do, and is standard VHDL. However, some customer was trying to use a methodology of requiring explicit binding for
everything. To enforce this, they wanted a warning produced whenever default binding was used instead. As a result,
everyone else has to put up with a bunch of warnings that they didn't care about.

I think we can ignore this warning. We will add this line to the elaboration script: -nowarn CUDEFB

==> nchelp ncelab CUNOTB

nchelp: 05.83-p003: (c) Copyright 1995-2006 Cadence Design Systems, Inc.
ncelab/CUNOTB =
    The (hierarchically) named component instance was not bound
    to an entity declaration along with a corresponding
    architecture body []. When this occurs, the component
    instantiation statement designated by the label in the
    hierarchical name shown has no effect [12.4.3]. This may have
    been due to a non-successful search through the binding search
    order. Following is the search order for all default bindings
    1) A design unit made visible with a USE clause visible to
       the architecture instantiating the component.
    2) A design unit made visible with a USE clause visible to
       the entity of the architecture instantiating the component.
    3) A design unit available in the library to which the
       component was compiled.
    4) A design unit in the WORK library.
    One of the above rules must provide for an entity to which the
    instance can be bound. Using other options to expand the search
    for default bindings can impact the ncelab performance. The user
    may first want to try modifying the design so that an entity can
    be found using the above stated rules. In most cases, it would
    imply adding appropriate USE clauses or compiling components into
    the same library to which the corresponding entity has been

This warning is a more serious one. We have things missing in our design. Here is the
elaboration log file. We have to get rid of these warnings before we can continue.

I will ask Xilinx for help by creating a
WebCase. The answer from Xilinx came the next day and was a reference  to the Answer Database #19446. In that example they used the option -lib_binding to ncelab. That was the answer to my problems.

Using the -lib_binding and -relax options

n the NC-VHDL Simulator Help manual we can read the following:

By default, the elaborator adheres to a strict interpretation of the VHDL LRM, which states that you must use LIBRARY statements with corresponding USE clauses in the source code to provide visibility to the declarative region that an unbound instance resides in. To bind component instances to compiled design units in the libraries, the elaborator:
  1. Uses explicit binding indications
  2. If there is no explicit binding indication, the elaborator tries to bind the component to in order:
  • A design unit made visable with a USE clause given to the architecture instantiating the component.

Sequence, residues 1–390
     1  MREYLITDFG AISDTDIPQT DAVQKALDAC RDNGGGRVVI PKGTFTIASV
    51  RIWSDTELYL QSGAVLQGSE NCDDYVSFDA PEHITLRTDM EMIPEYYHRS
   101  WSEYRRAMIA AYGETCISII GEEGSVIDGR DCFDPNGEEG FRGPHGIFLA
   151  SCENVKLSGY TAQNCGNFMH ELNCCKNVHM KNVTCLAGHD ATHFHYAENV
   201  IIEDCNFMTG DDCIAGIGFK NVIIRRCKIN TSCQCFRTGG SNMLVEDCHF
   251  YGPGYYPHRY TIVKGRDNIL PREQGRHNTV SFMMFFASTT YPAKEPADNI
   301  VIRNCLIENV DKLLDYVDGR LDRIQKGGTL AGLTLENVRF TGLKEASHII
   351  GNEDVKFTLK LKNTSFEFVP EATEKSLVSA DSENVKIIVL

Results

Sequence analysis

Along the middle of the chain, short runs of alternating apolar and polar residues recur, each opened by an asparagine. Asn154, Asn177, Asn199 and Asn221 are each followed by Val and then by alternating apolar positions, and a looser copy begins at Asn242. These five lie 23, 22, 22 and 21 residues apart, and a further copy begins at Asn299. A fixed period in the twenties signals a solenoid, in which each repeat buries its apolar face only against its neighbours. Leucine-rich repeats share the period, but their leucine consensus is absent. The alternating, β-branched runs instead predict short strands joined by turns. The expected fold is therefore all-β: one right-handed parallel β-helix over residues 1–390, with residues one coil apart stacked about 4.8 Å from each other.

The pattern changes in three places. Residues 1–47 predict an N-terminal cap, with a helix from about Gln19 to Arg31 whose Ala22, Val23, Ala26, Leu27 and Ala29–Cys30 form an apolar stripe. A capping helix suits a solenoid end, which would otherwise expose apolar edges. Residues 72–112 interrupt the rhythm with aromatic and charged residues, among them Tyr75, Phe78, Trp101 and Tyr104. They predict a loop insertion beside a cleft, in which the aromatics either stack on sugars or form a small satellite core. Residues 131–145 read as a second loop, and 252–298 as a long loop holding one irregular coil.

• A design unit made visable with a USE clause given to the entity of the architecture instantiating the component.
  • A design unit available in the library into whjich the component was compiled.
  • A design unit in the work library
If a binding cannot be found, the elaborator generates an error (unbound ...).

To extend the binding rules there are two options we can use:

We will use the -relax option which extends the set of binding rules with the following rules:
  1. A design unit made visable with a LIBRARY clause given to the architecture instantiating the component (no corresponding USE clause).
  2. A design unit made visable with a LIBRARY clause given to the entity of the architecture instantiating the component (no corresponding USE clause)
  3. A design unit in a library defined in the cds.lib file. If a binding has not been found the elaborator opens the cds.lib file and searches all of the libraries that are defined.

Specify the timescale precision for VHDL

According to the IEEE 1076-1993 VHDL Language Reference Manual (Section, the primary unit of type TIME (1 femtosecond) is, by default, the resolution limit for type TIME. All simulations run in femtoseconds by default. Use the -vhdl_time_precision option to specify a secondary unit of type TIME as the resolution limit. Setting the timing resolution to a coarser value may increase simulation performance, as the simulator will not default to femtoseconds. We will use 1ps as our timing resolution.

-vhdl_time_precision 1ps

The modified elaboration script

/* NCSIM elaboration control file generated from Mongoose 15.5       */
/* Generation date :  2007-04-23                                     */
/* Generation time :  04:57:52                                       */

-cdslib /home/svenand/root/projects/ETC/verification/simSetup/ncsim/cds_system.lib
-hdlvar /home/svenand/root/projects/ETC/verification/simSetup/ncsim/hdl.var
-logfile /home/svenand/root/projects/ETC/verification/log/ETC_system_vhdl_v1_00_a.elog
-vhdl_time_precision 1ps
-access +rwc

Here is the elaboration  log file. No errors. Great news.